carwashers face an uncertain future
The battle between mobile car wash services and Westlake's only fixed car wash facility came to a head last week when both sides addressed a study session of the Westlake Village City Council.
Nader Moradian, owner of the Westlake Village Car Wash, had (in a Dec. 29 letter to the mayor and city council members) asked the council to establish guidelines to regulate mobile car washing in the city.
"The mobile car washers not only violate the industrial waste laws by dumping the pollutants on the parking lot and, therefore, directly into the environment, but also conduct unfair business practices by not being bound by the same laws that govern the entire car washing industry," Moradian wrote.
In response to Moradian's complaints and those of various mobile car wash companies which service the area, the council put a 60 day moratorium on an ordinance which, the council had discovered, rendered mobile car washing in the city illegal.
The move was designed to both give the city time to research, among other things, the economic and environmental effects of mobile car washing and avoid trouble for the mobile washers that provide a regular service to Westlake companies.
The council discussed current zoning and sanitary and industrial waste ordinances.
As they stand, current municipal codes do not specifically define the use of mobile car washes in the city. According to Planning Director Bob Theobald, when a use is not specifically defined, it is therefore prohibited.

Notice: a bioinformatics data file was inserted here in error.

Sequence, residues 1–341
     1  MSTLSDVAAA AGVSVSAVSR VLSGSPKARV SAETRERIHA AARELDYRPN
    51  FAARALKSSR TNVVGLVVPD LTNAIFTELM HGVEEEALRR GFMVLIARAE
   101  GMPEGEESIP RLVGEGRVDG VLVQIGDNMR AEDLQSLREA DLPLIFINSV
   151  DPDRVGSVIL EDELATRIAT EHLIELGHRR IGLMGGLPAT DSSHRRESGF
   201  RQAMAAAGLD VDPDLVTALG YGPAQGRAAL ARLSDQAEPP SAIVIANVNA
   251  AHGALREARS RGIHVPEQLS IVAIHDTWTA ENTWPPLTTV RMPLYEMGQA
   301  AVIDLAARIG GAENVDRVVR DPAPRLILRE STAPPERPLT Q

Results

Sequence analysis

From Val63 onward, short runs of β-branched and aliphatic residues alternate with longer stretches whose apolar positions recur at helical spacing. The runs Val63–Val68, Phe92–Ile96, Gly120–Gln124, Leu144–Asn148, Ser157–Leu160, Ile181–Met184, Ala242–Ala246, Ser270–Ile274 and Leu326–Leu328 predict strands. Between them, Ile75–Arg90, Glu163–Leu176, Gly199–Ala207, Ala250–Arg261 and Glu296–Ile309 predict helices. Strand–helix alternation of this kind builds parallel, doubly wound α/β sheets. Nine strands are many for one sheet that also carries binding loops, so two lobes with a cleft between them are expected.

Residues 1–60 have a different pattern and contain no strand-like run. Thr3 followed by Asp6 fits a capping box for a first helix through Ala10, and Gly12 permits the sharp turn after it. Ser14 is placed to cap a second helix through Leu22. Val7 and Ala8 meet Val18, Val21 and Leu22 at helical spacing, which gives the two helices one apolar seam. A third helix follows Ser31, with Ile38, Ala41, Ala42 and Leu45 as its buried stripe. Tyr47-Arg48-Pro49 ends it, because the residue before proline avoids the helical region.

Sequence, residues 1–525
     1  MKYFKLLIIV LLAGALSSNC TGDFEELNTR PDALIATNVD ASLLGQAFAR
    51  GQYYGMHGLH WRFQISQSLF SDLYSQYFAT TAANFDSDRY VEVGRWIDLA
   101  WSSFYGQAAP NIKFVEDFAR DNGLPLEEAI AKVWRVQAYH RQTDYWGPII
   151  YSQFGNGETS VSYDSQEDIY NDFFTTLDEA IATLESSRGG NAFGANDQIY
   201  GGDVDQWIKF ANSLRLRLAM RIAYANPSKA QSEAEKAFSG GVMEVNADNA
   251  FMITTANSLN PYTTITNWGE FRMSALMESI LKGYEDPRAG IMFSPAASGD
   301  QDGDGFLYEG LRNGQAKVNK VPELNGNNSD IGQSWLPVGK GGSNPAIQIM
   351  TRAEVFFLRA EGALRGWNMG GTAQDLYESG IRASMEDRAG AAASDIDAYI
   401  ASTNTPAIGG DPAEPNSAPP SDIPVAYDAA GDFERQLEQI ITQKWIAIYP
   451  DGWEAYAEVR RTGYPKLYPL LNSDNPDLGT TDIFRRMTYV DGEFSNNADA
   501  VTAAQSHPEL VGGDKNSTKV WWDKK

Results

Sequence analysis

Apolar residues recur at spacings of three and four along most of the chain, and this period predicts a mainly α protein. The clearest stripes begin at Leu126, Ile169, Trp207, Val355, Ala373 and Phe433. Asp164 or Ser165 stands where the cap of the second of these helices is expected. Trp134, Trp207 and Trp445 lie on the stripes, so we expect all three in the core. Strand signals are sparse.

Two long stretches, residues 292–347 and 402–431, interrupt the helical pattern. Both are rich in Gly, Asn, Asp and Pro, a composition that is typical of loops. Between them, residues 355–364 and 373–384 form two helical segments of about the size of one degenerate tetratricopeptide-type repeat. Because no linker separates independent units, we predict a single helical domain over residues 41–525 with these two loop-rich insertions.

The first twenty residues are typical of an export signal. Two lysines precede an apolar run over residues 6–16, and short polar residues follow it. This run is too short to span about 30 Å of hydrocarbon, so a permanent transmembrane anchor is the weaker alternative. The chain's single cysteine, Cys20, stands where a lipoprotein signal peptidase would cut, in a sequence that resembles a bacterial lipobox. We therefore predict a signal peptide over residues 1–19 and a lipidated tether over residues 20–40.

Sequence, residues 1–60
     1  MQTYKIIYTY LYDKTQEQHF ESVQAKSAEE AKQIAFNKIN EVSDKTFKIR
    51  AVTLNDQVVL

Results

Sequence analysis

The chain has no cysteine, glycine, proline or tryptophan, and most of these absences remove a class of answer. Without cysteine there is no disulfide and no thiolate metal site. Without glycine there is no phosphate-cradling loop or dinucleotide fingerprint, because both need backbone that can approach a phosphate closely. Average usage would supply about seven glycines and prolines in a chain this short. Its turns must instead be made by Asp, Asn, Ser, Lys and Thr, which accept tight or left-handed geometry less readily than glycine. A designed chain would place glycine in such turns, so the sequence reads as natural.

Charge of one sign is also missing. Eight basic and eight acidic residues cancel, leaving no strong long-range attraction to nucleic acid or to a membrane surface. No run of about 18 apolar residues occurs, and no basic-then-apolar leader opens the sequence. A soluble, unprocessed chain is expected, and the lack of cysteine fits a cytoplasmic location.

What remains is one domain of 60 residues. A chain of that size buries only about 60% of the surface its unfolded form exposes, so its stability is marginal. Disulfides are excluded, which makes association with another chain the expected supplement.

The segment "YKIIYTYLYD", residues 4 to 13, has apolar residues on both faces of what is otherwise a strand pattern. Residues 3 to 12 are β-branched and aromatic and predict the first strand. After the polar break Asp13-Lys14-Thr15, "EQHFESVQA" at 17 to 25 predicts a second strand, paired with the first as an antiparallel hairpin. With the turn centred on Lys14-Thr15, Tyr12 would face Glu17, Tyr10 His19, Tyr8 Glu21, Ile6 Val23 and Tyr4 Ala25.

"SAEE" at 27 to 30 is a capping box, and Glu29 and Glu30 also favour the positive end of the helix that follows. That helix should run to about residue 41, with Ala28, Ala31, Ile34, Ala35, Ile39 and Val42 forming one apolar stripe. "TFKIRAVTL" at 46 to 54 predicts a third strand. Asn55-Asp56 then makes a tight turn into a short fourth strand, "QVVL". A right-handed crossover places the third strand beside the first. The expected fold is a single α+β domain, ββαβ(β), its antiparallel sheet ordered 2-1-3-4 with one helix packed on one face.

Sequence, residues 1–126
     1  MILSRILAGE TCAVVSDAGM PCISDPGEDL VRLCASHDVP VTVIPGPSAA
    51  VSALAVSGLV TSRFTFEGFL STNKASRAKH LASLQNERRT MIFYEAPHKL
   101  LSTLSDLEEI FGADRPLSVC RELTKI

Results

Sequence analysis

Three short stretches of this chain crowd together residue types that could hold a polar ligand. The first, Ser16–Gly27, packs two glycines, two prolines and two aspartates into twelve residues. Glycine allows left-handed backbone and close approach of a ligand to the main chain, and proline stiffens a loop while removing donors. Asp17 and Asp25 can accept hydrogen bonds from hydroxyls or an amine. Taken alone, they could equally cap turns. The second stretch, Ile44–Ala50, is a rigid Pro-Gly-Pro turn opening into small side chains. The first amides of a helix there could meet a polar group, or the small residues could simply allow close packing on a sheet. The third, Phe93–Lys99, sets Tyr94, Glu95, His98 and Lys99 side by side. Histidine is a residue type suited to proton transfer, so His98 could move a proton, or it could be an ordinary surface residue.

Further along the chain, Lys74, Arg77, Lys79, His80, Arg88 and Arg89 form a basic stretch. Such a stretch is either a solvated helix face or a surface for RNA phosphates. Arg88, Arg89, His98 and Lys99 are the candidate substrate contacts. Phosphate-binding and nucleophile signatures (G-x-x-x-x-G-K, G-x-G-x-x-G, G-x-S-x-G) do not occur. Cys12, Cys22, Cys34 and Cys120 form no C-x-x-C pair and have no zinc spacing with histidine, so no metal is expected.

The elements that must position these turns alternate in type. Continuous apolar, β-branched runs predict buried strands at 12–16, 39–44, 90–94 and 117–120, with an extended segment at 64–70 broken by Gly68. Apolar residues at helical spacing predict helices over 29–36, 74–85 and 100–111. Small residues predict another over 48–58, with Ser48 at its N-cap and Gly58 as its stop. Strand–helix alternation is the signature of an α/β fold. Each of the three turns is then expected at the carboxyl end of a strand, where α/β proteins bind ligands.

The concern over the possible harmful effects of pollutants from mobile car washing products was discussed in light of the fact that Los Angeles County considers current mobile services to be a threat to sanitary sewer systems and made them illegal.
Mobile car wash owners present at the meeting were anxious to point out the differences between established business people such as themselves and eager solicitors in the business for a fast buck. Most said that they would welcome regulations that would keep irresponsible mobile washers from abusing the environment.
"The zoning law is really reaching," said Lance Winslow, owner of The Car Wash Guys, "Everything is mobile now and you have to reconsider laws that restrict because of zoning."
Councilwoman Bonnie Klove believes mobile units working in Westlake Village annoy many people.
"We owe the business people who pay taxes in this community and who generate revenue for the city," Klove said.
On the other hand, Councilman Ken Rufener would like to find a compromise that makes a distinction between "fly-by-night" and established mobile car wash businesses.
"I don't want to see the mobiles banned. There is a need in this community for both fixed and mobile washes. I would want to see that business owners or people are not being pestered, but from what I've seen so far, I don't think they should be banned," Rufener said.
Mayor James Emmons suggested that the council bear in mind the environmental and esthetic restrictions that make Westlake Village unique.
Reprinted from The Acorn, February 3, 1993.